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Old 05-15-2016, 09:55 PM   #15
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OK, to be honest I've never brought alcohol or tobacco into Canada, everything other than that I've only been charged GST. I stand corrected.
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Old 05-15-2016, 11:54 PM   #16
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Every border official is different and they all have their good days and bad days, so no telling what they might do if you bring in more than you're allowed. The best policy is always tell the truth
This part of the post is correct.
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Old 05-16-2016, 12:19 AM   #17
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David, what is excess alcohol???
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Old 05-16-2016, 01:21 AM   #18
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David:

I learned the hard way that the excise tax and other taxes on "excess" liquor raises the price of otherwise cheaper beverages brought into Canada to approximately the same level as charged in our liquor stores. Instead of giving them a reason to thoroughly inspect your boat, bring a charge card and otherwise limit your liquor to the duty free limits.
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Old 05-16-2016, 01:52 AM   #19
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I spent 50 minutes being inspected today at Bedwell Harbour. No violations found, and I had alcohol well in excess of the duty-free maximum. I declared it, they didn't find any more than I declared (I declared everything), and they let me through...no duty charged.

The excess was partial bottles of liquor, most at least half empty.

The agents that inspected the boat were friendly. They said they don't care much about "reasonable" excess liquor, as long as it's declared. When they catch you lying, they crack down.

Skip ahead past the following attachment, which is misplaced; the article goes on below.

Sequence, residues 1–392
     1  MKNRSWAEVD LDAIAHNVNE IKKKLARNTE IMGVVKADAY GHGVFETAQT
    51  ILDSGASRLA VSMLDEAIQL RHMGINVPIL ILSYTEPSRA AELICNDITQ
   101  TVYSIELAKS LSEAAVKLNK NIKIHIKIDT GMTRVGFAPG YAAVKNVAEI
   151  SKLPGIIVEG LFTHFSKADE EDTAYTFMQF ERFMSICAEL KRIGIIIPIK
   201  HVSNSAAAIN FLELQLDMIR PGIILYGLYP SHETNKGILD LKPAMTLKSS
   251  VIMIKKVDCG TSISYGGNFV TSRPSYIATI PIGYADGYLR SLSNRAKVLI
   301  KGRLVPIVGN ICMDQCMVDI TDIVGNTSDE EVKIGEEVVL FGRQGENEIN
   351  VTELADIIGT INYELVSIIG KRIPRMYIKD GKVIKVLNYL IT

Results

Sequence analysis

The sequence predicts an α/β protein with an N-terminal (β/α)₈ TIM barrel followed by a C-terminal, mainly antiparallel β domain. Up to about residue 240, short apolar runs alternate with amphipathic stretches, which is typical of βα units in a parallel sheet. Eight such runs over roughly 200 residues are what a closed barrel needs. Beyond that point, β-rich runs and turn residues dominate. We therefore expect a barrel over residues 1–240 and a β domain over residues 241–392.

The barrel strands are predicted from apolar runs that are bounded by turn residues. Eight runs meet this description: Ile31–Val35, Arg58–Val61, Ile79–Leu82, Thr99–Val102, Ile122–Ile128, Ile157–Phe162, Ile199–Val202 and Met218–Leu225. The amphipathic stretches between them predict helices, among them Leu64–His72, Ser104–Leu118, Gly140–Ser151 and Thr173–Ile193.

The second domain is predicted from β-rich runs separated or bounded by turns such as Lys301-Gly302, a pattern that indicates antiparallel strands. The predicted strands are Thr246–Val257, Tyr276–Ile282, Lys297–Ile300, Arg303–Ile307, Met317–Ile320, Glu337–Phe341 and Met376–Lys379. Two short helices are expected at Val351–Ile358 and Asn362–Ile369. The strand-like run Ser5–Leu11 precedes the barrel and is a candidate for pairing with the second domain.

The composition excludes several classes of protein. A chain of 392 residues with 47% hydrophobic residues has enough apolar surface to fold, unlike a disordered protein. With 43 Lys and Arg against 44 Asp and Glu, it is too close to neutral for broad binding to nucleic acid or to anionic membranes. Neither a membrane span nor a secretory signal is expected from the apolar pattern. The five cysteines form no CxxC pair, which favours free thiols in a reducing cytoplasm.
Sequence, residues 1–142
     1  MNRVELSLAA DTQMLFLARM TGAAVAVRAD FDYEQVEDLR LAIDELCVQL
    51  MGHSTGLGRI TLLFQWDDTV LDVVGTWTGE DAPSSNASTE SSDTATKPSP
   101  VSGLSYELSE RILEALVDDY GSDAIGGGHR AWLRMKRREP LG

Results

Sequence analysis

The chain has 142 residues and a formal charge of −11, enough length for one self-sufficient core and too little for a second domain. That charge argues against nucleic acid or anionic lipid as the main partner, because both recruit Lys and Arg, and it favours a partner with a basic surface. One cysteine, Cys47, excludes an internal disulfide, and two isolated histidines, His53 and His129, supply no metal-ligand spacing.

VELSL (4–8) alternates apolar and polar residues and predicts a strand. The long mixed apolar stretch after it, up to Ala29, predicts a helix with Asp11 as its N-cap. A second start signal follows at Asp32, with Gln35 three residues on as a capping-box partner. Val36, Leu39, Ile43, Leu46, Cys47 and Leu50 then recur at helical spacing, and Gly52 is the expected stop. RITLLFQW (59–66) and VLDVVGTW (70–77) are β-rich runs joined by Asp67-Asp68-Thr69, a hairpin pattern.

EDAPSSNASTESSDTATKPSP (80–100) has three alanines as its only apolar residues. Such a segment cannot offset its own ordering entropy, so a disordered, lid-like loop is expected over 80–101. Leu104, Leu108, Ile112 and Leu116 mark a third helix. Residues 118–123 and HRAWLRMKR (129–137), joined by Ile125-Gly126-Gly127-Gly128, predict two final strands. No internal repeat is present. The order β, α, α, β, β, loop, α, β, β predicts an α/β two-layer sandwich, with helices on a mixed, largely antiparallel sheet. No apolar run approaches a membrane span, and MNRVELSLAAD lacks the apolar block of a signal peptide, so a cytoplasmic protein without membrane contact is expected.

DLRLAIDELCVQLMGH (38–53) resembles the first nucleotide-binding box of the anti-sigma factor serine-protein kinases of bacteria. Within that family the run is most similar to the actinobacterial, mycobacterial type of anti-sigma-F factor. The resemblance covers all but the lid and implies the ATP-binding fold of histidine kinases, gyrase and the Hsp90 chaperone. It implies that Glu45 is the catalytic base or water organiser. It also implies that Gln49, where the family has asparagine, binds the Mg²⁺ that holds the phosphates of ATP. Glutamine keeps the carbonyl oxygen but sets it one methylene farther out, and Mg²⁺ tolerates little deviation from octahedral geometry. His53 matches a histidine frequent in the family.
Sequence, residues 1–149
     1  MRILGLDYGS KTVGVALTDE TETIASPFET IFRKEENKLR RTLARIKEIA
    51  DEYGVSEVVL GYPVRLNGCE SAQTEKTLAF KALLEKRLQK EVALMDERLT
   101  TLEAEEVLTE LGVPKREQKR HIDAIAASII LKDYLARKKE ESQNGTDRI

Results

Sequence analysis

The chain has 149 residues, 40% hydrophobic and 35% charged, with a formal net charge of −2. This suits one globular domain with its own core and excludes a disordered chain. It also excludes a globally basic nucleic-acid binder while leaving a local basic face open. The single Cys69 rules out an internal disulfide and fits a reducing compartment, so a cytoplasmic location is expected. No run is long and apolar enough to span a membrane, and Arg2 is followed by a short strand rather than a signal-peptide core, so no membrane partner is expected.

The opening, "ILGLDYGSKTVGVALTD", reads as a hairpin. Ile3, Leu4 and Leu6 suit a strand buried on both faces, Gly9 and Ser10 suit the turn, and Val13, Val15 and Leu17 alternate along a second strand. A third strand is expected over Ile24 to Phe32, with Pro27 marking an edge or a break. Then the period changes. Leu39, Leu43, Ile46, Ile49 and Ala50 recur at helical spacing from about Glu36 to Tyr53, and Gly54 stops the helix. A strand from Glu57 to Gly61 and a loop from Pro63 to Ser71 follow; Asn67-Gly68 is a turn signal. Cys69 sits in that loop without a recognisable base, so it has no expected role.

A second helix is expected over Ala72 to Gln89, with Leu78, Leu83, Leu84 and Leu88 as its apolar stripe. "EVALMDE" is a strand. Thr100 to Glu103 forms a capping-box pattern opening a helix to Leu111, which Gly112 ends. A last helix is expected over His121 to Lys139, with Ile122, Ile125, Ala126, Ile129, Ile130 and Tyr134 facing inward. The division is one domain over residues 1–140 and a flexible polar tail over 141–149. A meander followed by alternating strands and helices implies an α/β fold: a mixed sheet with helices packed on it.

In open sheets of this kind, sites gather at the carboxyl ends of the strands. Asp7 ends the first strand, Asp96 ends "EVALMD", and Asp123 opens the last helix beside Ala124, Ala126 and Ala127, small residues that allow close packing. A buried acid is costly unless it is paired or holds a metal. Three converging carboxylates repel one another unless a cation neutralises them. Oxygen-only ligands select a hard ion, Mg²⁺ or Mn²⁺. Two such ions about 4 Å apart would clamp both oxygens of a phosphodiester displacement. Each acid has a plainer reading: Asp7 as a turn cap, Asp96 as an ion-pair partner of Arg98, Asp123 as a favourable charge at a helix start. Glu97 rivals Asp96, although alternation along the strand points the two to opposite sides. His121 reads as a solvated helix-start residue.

As long as you declare what you have, the worst thing they do is charge duty or confiscate. If you lie, they can deny entry, add you to the "bad" list, and levy fines.

My 24 beers and 8 partial bottles of liquor were considered reasonable.

Also declare any weapons, including mace (not allowed) and bear spray (allowed, as long as it's clearly labeled for bear use).

They asked a bunch of questions about various types of marijuana. I guess as a 26-year-old coming from a state with legal weed, I fit the profile...
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Old 05-16-2016, 02:29 AM   #20
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The agents that inspected the boat were friendly. They said they don't care much about "reasonable" excess liquor, as long as it's declared. When they catch you lying, they crack down.
And declare accurately. The biggest hold ups I've seen of US boaters going to the Bahamas has been over incorrect counts of ammunition. The wrong agent and that can lead to hours and dollars. Even as friendly as Canadian agents are, it you give them a reason to mistrust you, then they'll quickly become far less so.

I would also warn those traveling, especially from weed legal states, make sure you have none on you or your boat and make sure none of your guests or mates do. Even more sure for the USCG. Much like policemen, they never believe the one clearly visible is the only one and they don't care.

But then traveling to some countries of Europe the penalties are far worse and nothing the US can really do to help you out of the trouble.